Are you fed up with the continuous implementation of LEAN? Go Teal! - PerfectCircle®

Are you fed up with the continuous implementation of LEAN? Go Teal!

Hardly anyone remembers now, that the beginnings of the emergence of a modern method of management in factories – Lean Management and Lean Manufacturing – can be seen to have taken fruits as early as 1947 in Japan by William Edwards Deming and you can find his lectures, as early as the 1950s for Japanese engineers during that time. Is LEAN the most modern management method? Has technological progress, globalization, widespread access to knowledge, social media and companies based on cooperation economics caused LEAN management methods to become outdated and not as effective? For some, NO because they are constantly defending “good old” hierarchical structures, long-term implementations of LEAN and the presidents being forced to implement GEMBA. For some YES, because they notice how quickly the group of teal companies are expanding, based on flexible structures, self-organization, employee engagement and the company’s 100% use of an employee.

Have you not ever thought of throwing away the entire LEAN implementation? The constant explanation to new employees that when you say 5S, you are not talking about a smartphone model, that when you say you are going to do GEMBA you are not talking about a game and when you mention MUDA it is not mud that you are talking about or medusa. Don’t worry, you are not alone.

Fortunately, for consolation I will add: that you are not the first to abandon this complicated, Japanese cultured, long-term and self-disciplined process. Many people have done it before you, at least I have met many of them.

For the past several decades, a good alternative to LEAN has been created, more effective, more “human” and based on genuine human involvement and decisions made by co-workers.

Below I mention a few historical dates and people who contributed to the emergence of new management methods based on self-organization, internal employee motivation and leaving behind the formal hierarchical structures of organizations:

  1. In the beginning of the twentieth century, Merry Parker Follett, which Peter Drucker called “the prophet of management”, and her methods stood in opposition to Taylor’s methods of “command-and-control” and were based on interpersonal relationships, the search for win-win solutions and situational leadership.
  2. In 1949, Eric Trist – researcher of self-organization and group dynamics – together with his colleagues discovered a coal mine in Yorkshire which was self-organizing, highly autonomous and had highly responsible teams based on close contact of team members and their clients.
  3. During the 1950s and 1960s, Douglas McGregor noted that control demotivates a man and created Theory X and Theory Y describing two opposing approaches to managing organizations. He said: “Perhaps one day we should draw a new organizational chart as a series of interconnected groups rather than as a hierarchical structure of connected individuals.”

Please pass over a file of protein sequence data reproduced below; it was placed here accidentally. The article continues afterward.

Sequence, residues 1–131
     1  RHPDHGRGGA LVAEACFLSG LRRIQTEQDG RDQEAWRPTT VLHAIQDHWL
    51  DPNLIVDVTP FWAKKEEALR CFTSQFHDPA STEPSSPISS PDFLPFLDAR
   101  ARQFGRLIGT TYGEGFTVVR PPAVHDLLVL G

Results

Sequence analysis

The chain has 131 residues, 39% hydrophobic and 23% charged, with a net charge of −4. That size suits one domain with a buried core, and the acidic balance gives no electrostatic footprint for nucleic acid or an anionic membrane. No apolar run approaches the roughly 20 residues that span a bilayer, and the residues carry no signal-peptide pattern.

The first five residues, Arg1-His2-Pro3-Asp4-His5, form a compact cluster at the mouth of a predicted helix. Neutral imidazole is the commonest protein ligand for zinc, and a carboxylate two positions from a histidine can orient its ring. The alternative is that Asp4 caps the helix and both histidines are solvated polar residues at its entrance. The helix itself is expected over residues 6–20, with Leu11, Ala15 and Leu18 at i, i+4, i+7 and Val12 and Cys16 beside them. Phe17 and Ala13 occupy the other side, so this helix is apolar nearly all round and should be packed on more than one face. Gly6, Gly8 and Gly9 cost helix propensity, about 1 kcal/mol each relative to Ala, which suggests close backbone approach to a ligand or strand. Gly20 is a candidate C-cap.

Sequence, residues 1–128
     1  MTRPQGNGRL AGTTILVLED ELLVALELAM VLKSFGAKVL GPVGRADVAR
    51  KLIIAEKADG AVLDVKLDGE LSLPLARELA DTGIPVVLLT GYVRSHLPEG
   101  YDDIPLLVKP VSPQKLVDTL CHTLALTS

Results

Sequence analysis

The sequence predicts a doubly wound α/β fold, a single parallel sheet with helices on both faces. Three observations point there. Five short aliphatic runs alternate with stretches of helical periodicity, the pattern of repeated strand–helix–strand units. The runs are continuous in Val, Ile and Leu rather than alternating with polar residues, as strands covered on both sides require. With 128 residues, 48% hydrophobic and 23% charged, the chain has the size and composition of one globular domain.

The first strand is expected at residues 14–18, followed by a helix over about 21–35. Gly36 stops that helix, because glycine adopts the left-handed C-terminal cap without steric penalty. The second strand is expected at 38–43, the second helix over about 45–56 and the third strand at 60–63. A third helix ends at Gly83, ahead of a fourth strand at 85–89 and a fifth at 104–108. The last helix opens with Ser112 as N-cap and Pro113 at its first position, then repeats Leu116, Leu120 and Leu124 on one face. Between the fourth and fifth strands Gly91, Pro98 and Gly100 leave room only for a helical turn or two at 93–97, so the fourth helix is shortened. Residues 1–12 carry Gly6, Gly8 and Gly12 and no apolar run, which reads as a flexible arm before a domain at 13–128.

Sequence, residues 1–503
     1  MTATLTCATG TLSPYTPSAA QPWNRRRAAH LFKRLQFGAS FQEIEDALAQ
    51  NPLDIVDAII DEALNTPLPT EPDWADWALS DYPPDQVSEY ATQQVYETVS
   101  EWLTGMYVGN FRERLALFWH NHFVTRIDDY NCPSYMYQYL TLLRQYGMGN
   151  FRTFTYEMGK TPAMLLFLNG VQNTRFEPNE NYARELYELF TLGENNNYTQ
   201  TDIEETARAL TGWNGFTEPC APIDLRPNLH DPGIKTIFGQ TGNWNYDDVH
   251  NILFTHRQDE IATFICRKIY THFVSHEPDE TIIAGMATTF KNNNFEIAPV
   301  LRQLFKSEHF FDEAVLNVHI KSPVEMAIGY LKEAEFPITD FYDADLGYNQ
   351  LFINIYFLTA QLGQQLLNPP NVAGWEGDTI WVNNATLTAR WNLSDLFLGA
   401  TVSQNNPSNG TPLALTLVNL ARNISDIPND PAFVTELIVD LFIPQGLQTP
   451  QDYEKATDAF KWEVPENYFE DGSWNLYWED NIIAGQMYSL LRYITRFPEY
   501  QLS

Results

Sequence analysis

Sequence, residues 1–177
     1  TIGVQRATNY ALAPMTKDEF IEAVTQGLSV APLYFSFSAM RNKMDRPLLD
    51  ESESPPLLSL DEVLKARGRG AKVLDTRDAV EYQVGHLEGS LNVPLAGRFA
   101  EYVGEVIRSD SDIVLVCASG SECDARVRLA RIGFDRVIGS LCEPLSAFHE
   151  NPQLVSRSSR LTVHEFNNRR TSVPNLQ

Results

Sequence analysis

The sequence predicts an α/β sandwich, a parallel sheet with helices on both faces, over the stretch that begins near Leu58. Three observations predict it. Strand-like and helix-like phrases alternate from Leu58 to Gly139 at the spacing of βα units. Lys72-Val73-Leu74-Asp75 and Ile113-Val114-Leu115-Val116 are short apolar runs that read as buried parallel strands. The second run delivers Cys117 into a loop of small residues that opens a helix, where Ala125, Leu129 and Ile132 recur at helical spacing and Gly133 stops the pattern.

4. In 1958 Bill and Vieve Gore founded W.L. Gore & Associates develop a family business that grew to 10,000 people who were innovative, freedom based, with high integrity and trust towards the organization. Decisions are made in a consultative way, employees are called associates and they choose a leader rather than have a traditional boss. The company has developed the concept of “job sculpting” – sculpting the position: “match the role to the co-worker, rather than the co-worker to the role”.
  5. In 1971, Dr. Jan Wallander joined Handelsbank, the largest bank of Sweden as CEO. He joined the company when the bank was going through a deep crisis and got a “carte blanche” for reorganizing the company. He eliminated the organizational structure and introduced a radical decentralization of the decision making method, without annual financial and strategic planning, and ensuring the independence for each of the bank’s branches.
  6. Ricardo Semler joined the Brazilian company Semco, founded by his grandfather, and in the 1980’s completely reorganized the company by introducing a democratic way of making decisions, abandoning the hierarchical pyramid, giving the teams autonomy to make decisions and transparency in finances, and employees wages were independently decided by employees themselves.
  7. Frank Blase in 1985 joined the small company igus GmbH, founded by his parents: Gunter and Margaret Blase, he decided to change the company’s organizational structure to the “solar system”. After the experience that he had working in a large corporation managed on the basis of a hierarchical pyramid, where many ideas were lost or undermined, in the decision-making process, passed from bottom to the top. He decided the client was the center of his organizational system and the teams are “orbiting” around the client – operating largely autonomously. Thanks to organizational and product innovativeness, the company quickly developed from a small German company into an industry leader with a total of 3,200 employees with 35 branches around the world.